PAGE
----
Music, News

R. Kelly On Trial In The Court Of Public Opinion

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By Ben Thompson


Robert Sylvester Kelly, better known as R. Kelly, is an American singer probably best known for his 1996 song ‘I Believe I Can Fly’. In recent months, however, he has become more infamous for his history of sexual misconduct.

Although this has been brought to the fore by a recent Lifetime documentary series, ‘Surviving R. Kelly’, the allegations against him have been known to the public for many years.

In 2002, a tape was mailed to a former reporter for The Chicago Sun-Times, Jim DeRogatis, containing footage of R. Kelly urinating on a underage girl. The Sun-Times was the first paper to break the story on February 8th 2002, and the singer was subsequently indicted on 21 charges of child pornography. He was found not guilty in 2008.

More allegations have subsequently been made against the singer, including that he was holding under-age girls in an ‘abusive cult’ and that he had infected his partner with a sexually-transmitted disease. Kelly and his representatives denied these allegations, and they didn’t seem to hurt his public standing.

During all of this, many artists in the industry continued to work with  Kelly, including Lady Gaga, Chance The Rapper, Kelly Rowland, Snoop Dogg, Celine Dion, Usher, Mariah Carey and Justin Bieber.

In the aftermath of ‘Surviving R. Kelly’, however, there appears to be a shift. Public opinion towards Kelly is changing, and many of his former famous contributors are seemingly beginning to turn on him.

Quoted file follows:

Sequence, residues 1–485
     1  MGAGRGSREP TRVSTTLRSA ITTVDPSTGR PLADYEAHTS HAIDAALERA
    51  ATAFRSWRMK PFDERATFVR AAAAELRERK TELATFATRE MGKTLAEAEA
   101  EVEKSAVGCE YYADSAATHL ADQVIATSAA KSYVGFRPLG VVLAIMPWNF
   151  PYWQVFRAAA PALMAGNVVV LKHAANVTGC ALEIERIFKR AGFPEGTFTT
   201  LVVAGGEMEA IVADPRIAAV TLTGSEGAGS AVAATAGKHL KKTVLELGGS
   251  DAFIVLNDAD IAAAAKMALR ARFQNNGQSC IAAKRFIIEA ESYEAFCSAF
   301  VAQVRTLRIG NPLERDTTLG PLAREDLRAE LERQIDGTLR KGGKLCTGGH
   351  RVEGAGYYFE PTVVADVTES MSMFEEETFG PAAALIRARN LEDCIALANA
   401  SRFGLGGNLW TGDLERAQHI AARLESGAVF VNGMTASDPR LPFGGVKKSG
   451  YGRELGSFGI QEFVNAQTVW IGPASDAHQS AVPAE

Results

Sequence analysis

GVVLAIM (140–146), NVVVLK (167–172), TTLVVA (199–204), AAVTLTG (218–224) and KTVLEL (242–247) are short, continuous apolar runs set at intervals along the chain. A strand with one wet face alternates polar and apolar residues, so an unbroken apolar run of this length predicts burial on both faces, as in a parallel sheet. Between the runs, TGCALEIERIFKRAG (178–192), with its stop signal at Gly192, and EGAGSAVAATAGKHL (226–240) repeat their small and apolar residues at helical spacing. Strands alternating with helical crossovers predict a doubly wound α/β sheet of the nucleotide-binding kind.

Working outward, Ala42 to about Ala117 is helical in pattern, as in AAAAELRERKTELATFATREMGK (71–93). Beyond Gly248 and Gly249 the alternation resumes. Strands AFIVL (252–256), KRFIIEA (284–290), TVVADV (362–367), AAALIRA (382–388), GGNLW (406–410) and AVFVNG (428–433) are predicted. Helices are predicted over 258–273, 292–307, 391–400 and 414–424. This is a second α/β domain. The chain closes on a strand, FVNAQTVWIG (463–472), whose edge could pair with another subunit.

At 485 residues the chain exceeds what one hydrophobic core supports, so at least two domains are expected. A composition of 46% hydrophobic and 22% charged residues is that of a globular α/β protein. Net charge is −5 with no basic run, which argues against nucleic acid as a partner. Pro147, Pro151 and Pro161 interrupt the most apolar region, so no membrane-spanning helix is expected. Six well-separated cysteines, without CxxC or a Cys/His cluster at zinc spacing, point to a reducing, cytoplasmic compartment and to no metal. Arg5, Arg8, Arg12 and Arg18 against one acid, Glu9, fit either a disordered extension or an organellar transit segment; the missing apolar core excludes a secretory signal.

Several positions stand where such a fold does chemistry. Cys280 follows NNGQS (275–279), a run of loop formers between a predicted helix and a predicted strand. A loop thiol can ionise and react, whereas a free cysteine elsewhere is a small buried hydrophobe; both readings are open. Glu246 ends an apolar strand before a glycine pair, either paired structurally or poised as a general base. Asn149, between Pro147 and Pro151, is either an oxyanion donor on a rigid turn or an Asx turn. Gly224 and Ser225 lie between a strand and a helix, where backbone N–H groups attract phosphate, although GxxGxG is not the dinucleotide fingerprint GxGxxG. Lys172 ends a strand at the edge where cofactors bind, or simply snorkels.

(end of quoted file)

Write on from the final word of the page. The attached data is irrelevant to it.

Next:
Lady Gaga, for instance, tweeted an apology, expressing regret for collaborating with Kelly and assuring her followers that “I stand behind these women 1,000%, believe them, know they are suffering and in pain, and feel strongly that their voices should be heard and taken seriously.”

Along with Celine Dion and Chance The Rapper, she has also had all of her collaborations with Kelly removed from streaming services.

Some have criticized the singers for doing this at such a late stage – despite being asked to contribute to the documentary, none agreed. Executive producer Dream Hampton noted that  “When it comes to celebrities, it was incredibly difficult to get people who had collaborated (artistically) with Kelly to come forward.” 

A Rolling Stones article ‘We Don’t Need to Applaud the Convenient Apologies’ criticizes Gaga and others for delaying in their responses to the situation. Writer Brittany Spanos laments: “Apologies like these don’t come because any of these artists are personally fed up […]In the end, it looks as if the weight of public pressure and shame prompt these statements — not conveniently timed guilt. It’s not clear that lessons are learned.”

One celebrity who did speak out was actress and model Cara Delevingne. On Instagram, the 26 year old compared Kelly to alleged sexual predator Harvey Weinstein and called upon her fans to “Stop separating art from the artist, just because he sings like an angel, doesn’t mean he is one.”

For speaking out, Delevingne lost 50,000 followers. 

It is too soon to tell what the ongoing fall-out from the Lifetime documentary series will be. Kelly has been dropped from his record label, and more celebrities will likely speak out against him. Whether or not Kelly will face legal repercussions remains to be seen.

About the author / 

Ben Thompson

Modern History student. Mostly writes about politics and social issues.

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